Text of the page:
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Astronomers are trying to explain highly unusual radio waves detected from a nearby red dwarf star.

What happened: This past spring, Astronomers at the Arecibo Observatory in Puerto Rico observed high-frequency radio wave pulses at a rate "unlike anything they had ever observed before" coming from star Ross 128, which is about 11 light years away.

These are a few of the possible explanations, per the Atlantic:

  • Solar flares, but: red dwarf flares "occur at much lower frequencies and travel in different directions than what was seen around Ross 128."
  • Crossing radio signals from another object in the "telescope's field of view," but: astronomers haven't seen anything to suggest that.
  • Passing satellites, but: astronomers "have never seen satellites release signals of this nature."
  • Interaction with an orbiting planet, but: "no planets have ben discovered around Ross 128."
  • Radio frequency interference, but: astronomers don't think that's likely.
  • Aliens, but: that's the least likely possibility.

Go deeper

Federal Reserve expands lending program for small businesses

Federal Reserve Chairman Jerome Powell at a news conference in 2019. Photo: Eric Baradat/AFP via Getty Images

The Federal Reserve said on Friday it would again lower the minimum loan size for its pandemic-era small business program.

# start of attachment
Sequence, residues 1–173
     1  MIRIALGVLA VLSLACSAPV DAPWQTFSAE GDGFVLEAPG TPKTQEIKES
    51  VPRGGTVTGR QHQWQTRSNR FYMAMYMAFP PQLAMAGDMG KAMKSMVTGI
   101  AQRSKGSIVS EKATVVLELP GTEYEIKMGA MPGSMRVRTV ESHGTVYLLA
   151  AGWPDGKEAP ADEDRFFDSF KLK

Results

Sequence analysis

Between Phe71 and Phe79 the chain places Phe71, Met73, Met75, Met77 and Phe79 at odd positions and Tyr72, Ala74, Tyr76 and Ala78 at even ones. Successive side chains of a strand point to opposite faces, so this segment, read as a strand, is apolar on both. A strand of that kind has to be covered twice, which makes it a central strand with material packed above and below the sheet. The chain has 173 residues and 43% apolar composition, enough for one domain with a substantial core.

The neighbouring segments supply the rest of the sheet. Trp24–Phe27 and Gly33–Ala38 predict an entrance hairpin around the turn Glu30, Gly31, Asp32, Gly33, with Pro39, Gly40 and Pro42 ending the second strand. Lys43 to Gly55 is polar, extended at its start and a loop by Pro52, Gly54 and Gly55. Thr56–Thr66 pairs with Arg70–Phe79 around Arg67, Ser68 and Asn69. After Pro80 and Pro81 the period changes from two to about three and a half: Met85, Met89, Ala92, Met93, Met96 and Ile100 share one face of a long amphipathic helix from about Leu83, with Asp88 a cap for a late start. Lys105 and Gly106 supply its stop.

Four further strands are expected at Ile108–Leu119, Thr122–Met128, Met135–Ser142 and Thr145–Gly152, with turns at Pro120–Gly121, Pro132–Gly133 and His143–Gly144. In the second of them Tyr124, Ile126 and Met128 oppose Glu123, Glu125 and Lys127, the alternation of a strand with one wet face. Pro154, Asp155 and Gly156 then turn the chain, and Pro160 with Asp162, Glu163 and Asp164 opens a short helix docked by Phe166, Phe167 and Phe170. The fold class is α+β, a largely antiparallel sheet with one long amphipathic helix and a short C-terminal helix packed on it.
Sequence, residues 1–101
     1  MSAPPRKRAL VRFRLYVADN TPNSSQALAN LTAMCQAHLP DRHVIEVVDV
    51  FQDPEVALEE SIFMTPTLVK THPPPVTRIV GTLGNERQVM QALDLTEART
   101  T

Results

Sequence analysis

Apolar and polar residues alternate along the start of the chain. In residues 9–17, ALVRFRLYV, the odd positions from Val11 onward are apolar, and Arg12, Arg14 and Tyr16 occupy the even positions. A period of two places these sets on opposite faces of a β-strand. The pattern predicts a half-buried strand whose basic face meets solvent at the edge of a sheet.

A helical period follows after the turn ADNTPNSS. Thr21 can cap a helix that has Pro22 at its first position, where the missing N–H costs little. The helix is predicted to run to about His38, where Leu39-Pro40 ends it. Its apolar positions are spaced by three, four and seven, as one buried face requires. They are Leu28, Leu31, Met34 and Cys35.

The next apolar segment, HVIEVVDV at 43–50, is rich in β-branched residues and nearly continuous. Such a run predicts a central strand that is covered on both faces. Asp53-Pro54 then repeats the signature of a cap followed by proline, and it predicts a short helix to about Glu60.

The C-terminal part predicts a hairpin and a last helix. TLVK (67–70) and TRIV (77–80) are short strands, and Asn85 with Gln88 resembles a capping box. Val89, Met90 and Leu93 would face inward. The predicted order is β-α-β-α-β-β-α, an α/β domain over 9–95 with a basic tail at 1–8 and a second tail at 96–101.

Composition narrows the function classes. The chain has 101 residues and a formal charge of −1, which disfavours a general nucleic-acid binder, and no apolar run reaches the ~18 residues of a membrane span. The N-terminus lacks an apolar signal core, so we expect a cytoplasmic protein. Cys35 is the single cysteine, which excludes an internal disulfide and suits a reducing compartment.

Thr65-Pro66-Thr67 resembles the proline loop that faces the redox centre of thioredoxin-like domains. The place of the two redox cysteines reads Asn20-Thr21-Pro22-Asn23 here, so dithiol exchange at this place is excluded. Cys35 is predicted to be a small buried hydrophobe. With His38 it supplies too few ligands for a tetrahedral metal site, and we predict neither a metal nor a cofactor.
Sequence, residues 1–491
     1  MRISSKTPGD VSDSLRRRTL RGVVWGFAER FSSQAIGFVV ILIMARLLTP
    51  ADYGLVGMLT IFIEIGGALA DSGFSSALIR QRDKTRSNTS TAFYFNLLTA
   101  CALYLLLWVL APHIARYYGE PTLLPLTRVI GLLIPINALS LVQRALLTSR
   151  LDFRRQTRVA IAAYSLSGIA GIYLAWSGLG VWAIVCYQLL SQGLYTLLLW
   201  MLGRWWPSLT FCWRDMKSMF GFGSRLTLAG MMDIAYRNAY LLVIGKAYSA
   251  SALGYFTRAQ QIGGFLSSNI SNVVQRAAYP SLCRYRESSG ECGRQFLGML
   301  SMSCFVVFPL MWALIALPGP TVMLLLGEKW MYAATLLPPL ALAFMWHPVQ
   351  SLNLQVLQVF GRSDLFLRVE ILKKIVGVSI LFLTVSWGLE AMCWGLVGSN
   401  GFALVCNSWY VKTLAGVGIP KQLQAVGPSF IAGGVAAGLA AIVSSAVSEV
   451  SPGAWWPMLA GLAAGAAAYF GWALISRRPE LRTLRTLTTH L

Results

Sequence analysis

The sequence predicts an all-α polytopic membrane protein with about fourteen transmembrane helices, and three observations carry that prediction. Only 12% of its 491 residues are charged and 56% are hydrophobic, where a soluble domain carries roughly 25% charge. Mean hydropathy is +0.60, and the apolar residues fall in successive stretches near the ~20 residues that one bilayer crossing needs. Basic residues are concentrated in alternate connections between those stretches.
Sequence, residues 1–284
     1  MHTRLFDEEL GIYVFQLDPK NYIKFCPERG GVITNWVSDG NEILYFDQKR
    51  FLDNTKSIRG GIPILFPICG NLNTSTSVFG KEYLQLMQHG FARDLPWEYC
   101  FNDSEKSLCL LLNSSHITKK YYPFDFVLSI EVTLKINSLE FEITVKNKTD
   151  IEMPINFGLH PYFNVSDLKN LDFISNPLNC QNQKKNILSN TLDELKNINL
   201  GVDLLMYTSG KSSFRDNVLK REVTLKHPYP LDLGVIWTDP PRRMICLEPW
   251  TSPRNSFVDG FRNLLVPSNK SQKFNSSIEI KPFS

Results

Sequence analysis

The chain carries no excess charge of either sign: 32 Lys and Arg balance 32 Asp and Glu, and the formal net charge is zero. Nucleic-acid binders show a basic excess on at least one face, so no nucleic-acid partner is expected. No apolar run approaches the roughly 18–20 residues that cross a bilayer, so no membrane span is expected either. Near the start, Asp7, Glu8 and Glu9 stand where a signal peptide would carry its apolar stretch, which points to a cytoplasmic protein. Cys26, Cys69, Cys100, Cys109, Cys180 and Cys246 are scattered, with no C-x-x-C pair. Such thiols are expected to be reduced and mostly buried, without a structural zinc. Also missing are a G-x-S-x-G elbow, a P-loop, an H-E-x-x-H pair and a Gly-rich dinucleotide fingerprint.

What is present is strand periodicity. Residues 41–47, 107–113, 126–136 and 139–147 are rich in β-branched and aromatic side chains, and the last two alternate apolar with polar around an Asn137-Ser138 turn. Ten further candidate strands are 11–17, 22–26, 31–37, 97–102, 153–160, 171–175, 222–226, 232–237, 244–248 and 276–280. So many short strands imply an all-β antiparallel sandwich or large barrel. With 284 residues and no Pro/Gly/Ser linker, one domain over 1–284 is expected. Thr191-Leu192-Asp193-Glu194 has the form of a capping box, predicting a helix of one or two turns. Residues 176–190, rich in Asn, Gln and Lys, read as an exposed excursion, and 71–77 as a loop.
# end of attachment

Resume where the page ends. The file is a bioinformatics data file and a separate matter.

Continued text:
Details: Businesses and nonprofits will be able to borrow a minimum of $100,000 from the facility, down from $250,000 — a move that might attract smaller businesses that don't need as hefty of a loan. Since the program launched earlier this year, the minimum loan size has been reduced twice.

2 hours ago - Economy & Business

How Trump and Biden would steer the future of transportation

Illustration: Eniola Odetunde/Axios

President Donald Trump and Democratic challenger Joe Biden would likely steer automotive policy in different directions over the next four years, potentially changing the industry's road map to the future.

Why it matters: The auto industry is on the cusp of historic technological changes and the next president — as well as the next Congress — could have an extraordinary influence on how the future of transportation plays out.